Self Control

"Self-control means controlling emotions. Some investors value dividends for self-control reasons as well as for reasons that stem from hedonic editing."
Shefrin, (2000 p. 30)

McClure et al. (2004) have recently investigated the neural systems that underle decisions about delayed gratification. Much research has suggested that people tend to behave impatiently today but plan to act patiently in the future. For instance, when offered a choice between �10 today and �11 tomorrow, many people choose the immediate option. However, if asked today to choose between �10 in a year, and �11 in a year and a day, many people who went for the ‘immediate’ option in the first case now go for the second option. Montier (2007, p. 13–14)

hyperbolic discounting = discount rate declines over time


For its simplicity, the exponential discounting assumption is the most commonly used in economics. However, some alternatives have more empirical support.

Economics most commonly assumes exponential discounting

the most commonly used discount function

The discount function used in economic models For its simplicity, the exponential discounting assumption is the most commonly used in economics.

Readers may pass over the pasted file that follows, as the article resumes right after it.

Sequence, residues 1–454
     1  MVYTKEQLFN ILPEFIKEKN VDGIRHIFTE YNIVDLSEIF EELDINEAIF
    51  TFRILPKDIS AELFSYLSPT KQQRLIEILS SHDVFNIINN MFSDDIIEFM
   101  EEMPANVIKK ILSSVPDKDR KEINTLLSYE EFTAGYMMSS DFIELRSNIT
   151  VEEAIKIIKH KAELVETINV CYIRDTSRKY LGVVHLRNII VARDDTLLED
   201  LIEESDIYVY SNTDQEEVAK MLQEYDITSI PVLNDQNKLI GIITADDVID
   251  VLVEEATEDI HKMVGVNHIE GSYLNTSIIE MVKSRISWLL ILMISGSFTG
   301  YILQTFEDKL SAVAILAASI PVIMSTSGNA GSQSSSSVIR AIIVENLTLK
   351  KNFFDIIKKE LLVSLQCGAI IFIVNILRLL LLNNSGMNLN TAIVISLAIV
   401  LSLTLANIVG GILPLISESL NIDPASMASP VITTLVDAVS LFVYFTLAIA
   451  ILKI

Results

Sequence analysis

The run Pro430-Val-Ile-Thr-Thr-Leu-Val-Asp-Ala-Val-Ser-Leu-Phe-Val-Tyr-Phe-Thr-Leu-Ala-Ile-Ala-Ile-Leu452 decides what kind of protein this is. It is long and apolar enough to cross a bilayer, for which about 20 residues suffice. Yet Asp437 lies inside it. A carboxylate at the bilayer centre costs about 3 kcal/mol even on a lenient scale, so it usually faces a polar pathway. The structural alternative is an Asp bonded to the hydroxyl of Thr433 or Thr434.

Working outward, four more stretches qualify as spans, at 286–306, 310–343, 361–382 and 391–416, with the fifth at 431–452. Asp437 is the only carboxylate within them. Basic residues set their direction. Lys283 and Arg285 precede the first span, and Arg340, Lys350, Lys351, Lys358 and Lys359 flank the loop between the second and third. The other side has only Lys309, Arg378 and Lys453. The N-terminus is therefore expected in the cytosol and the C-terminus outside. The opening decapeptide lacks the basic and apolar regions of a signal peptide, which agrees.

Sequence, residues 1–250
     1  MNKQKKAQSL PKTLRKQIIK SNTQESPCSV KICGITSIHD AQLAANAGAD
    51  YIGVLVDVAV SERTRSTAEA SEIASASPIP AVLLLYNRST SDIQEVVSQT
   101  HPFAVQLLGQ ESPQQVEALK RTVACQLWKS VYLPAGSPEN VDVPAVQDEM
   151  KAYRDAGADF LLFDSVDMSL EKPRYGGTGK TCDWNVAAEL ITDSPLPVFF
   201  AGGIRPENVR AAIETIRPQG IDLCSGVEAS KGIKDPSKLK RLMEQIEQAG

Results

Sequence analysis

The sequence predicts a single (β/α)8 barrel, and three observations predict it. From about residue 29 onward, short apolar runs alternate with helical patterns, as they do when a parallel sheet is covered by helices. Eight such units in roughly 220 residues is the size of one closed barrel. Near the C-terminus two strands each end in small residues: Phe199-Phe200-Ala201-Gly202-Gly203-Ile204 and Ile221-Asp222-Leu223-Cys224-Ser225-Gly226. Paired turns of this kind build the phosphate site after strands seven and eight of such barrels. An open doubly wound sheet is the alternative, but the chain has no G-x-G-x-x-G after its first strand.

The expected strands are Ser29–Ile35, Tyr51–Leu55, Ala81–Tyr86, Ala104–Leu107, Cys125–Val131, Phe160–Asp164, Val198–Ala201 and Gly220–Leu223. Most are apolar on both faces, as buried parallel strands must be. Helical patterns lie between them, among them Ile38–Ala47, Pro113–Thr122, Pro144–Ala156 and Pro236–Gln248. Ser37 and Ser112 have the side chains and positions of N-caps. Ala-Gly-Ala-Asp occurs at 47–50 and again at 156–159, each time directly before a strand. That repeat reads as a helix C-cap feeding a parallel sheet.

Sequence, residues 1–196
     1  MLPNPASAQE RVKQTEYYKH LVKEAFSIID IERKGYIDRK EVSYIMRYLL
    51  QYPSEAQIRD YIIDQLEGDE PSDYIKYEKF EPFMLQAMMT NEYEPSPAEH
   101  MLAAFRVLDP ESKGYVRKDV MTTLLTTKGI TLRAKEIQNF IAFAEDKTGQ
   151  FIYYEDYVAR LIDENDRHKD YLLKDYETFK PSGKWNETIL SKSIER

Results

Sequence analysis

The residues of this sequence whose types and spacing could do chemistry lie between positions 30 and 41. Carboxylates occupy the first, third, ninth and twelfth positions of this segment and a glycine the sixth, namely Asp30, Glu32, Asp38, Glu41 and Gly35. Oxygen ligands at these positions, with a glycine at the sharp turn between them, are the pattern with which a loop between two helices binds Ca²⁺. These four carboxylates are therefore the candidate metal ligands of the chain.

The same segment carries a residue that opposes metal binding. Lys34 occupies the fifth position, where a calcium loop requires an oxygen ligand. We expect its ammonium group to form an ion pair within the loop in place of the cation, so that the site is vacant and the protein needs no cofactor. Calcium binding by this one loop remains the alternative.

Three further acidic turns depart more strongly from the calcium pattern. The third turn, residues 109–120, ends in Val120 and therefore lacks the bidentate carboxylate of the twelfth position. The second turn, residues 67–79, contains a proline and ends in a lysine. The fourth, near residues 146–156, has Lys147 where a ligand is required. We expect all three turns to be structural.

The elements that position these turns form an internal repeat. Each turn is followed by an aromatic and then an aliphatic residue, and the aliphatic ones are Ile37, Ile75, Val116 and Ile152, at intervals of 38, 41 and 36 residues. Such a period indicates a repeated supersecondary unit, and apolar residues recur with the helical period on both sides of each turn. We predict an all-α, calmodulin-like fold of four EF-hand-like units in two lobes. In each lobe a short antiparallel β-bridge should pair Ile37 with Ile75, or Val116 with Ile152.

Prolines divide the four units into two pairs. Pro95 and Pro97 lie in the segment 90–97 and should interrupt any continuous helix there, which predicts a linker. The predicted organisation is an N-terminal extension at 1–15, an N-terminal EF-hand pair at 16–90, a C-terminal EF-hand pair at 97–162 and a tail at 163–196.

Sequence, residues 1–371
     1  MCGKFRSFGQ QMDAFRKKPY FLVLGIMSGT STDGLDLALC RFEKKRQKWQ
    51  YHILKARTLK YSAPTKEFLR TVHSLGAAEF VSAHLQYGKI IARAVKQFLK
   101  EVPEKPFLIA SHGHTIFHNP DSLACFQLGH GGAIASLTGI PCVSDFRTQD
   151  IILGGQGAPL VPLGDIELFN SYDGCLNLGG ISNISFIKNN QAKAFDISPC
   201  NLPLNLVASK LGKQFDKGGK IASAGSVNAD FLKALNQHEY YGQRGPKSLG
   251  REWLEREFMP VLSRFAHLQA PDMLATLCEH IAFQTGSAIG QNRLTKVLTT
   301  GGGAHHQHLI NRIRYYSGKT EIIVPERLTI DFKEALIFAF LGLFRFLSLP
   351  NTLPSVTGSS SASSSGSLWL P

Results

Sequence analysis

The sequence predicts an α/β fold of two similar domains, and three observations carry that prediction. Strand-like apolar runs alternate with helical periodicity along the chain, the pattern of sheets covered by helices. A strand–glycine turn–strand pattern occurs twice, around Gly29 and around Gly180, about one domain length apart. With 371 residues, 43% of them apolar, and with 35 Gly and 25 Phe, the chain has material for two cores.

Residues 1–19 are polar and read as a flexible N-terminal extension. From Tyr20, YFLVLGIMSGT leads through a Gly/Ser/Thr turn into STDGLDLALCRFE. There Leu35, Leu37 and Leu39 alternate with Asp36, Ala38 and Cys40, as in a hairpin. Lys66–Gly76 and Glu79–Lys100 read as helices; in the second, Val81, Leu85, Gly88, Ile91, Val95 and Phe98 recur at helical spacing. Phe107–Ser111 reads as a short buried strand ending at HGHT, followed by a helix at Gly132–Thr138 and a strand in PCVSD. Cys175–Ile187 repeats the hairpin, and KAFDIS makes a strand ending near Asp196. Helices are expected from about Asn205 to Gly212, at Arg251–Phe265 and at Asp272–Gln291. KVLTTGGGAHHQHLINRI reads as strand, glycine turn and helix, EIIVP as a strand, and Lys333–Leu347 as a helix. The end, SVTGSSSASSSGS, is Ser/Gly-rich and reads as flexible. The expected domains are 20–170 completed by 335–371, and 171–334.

"Given two similar rewards, humans show a preference for one that arrives sooner rather than later. Humans are said to discount the value of the later reward, by a factor that increases with the length of the delay. In behavioral economics, hyperbolic discounting is a particular mathematical model thought to approximate this discounting process; that is, it models how humans actually make such valuations. Hyperbolic discounting is sharply different in form from exponential discounting, a rational function used in finance used in the analysis of choice over time. Hyperbolic discounting has been observed in humans and animals." [wiki]

Many examples exist in the financial world, for example, where it is logically reasonable to assume that there is an implicit risk that the reward will not be available at the future date, and furthermore that this risk increases with time. which is exactly the hyperbolic discount rate.

In hyperbolic discounting, valuations fall very rapidly for small delay periods, but then fall slowly for longer delay periods. This contrasts with exponential discounting, in which valuation falls by a constant factor per unit delay, regardless of the total length of the delay.

Subjects using hyperbolic discounting reveal a strong tendency to make choices that are inconsistent over time. In other words, they make choices today that their future self would prefer not to make, despite using the same reasoning. This dynamic inconsistency happens because hyperbolic discounts value future rewards much more than exponential discounting.

"self-control (the ability to override our urges)"
Montier (2010, p. 11)

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